U.S. Sen. Sherrod Brown has a new bill aimed at allowing Americans burdened by private student loan to refinance at lower interest rates.
Americans owe more than $150 billion in student loans to private banks and companies. Those borrowers are often among the most indebted of all college students and graduates; they can pay uncapped variable interest rates or as much as 10 percent on their loans; and they have few relief options, experts say.
Brown’s “Refinancing Education Funding to Invest for the Future Act of 2013” is viewed as a rare attempt to help people who already hold loans, as legislators engage also in a partisan fight over the interest rate on future subsidized Stafford Loans for low- and middle-income students. The rate on those federal loans is set to double to 6.8 percent on July 1 for loans taken out after that date. Brown has actively campaigned for keep the interest rate at 3.4 percent, adding the issue affects more than 360,000 college students in Ohio. He is collecting stories at brown.senate.gov/CollegeLoanStories.
The Ohio Democrat’s new bill would help private student loan holders “reduce their student loan debt payment by refinancing at no cost to taxpayers,” according to his office. Brown has support for the bill, but he warned that “with Wall Street banks on the other side, usually it’s uphill.”
Private loans represent only 15 percent of the $1 trillion in student loans owed by Americans, according to Brown’s bill. But 81 percent of graduates who owe more than $40,000 had a private student loan. Their excessive debt “reduces economic activity, threatens home ownership, hurts small business growth and limits opportunities for economic expansion in rural communities,” the bill says.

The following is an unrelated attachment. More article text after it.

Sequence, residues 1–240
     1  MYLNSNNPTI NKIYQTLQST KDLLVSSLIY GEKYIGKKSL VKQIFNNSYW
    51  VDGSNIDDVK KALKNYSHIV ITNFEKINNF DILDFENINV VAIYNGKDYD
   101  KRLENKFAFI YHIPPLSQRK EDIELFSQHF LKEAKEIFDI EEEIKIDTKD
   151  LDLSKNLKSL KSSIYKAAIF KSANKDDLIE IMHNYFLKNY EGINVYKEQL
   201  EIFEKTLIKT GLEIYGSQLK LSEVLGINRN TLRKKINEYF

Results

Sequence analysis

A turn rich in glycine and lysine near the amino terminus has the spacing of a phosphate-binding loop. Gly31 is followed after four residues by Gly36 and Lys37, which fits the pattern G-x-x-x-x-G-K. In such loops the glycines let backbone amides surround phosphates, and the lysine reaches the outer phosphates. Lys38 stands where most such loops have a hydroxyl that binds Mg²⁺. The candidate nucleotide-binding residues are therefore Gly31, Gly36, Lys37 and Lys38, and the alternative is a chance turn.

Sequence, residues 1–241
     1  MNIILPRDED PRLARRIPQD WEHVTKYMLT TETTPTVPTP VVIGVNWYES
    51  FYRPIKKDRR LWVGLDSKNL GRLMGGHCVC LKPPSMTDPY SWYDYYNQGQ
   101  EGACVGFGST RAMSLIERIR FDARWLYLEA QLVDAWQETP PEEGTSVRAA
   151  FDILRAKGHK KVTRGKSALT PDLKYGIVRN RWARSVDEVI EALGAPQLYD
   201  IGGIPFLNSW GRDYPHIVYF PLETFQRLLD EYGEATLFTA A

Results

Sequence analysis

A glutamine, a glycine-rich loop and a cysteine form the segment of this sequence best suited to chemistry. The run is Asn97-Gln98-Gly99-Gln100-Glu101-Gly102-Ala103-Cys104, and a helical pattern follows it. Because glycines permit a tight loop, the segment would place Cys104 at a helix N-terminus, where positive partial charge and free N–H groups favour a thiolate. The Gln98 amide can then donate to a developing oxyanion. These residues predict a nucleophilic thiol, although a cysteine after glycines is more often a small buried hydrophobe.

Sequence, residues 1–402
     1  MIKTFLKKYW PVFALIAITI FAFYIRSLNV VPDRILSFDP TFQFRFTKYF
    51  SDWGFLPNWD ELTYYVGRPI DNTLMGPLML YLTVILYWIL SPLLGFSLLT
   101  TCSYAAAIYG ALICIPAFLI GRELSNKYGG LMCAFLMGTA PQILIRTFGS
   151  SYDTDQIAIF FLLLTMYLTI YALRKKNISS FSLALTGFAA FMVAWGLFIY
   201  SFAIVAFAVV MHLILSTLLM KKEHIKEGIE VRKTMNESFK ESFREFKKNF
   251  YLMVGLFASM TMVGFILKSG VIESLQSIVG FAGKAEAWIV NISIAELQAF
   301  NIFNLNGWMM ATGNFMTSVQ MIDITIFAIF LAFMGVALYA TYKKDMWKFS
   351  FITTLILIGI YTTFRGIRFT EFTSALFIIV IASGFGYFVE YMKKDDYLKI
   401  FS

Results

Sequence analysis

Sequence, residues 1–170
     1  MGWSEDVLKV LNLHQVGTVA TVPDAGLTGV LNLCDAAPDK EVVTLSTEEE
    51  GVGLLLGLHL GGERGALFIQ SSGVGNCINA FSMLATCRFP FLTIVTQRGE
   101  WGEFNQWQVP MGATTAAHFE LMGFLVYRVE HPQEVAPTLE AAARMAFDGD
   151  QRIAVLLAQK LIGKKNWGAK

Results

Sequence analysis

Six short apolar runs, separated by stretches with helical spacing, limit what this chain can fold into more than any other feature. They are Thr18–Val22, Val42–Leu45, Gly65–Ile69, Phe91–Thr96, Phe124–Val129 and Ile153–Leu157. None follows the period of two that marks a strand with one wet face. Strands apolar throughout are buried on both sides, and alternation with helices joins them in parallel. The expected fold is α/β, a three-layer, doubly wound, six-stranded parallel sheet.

“It’s a terrible burden,” Brown said. “It isn’t good for them. It isn’t good for this economy.”
“Why should our students and graduates be the last to benefit from historically low interest rates? Helping graduates refinance their private student loan debt into more affordable terms frees up funds for them to buy houses, start businesses, or contribute to their communities,” Brown said in a news release.
Financial aid experts call private students loans a “risky” way to pay for college.
Private loans do not offer as many options for financial relief if a borrower runs into difficulties, such as losing a job, said Mark Kantrowitz, senior vice president and publisher of Edvisors.com.
Kantrowitz said the number of lenders doing refinancing has dropped to about four or five.
“It is possible to refinance, but it’s not as common as it once was and it never was very common,” he said. “A lot of lenders aren’t really focused on that. They’re making the loans and want to hold the loans indefinitely and they don’t have a financial incentive to refinance.”
Piqua resident Doris Clark, 75, said she needs relief on the student loan she has had for 18 years. Clark said she took out $4,583 to pay for a one-year business certificate at an Indiana business college after she could no longer work as a waitress because of a foot injury.
But she fell behind on payments, and to this day, still owes $1,085. Now retired, the nearly $75 monthly payments are a burden, she said. Her own attempts to negotiate payment have failed, she added.
“I have been paying on this loan 18 years, and it’s absolutely ridiculous,” she said. “Something should be done. It’s happening every day with all these student loans. I just don’t think it’s fair, but I have nowhere to reach out and I don’t know who to talk to about it.”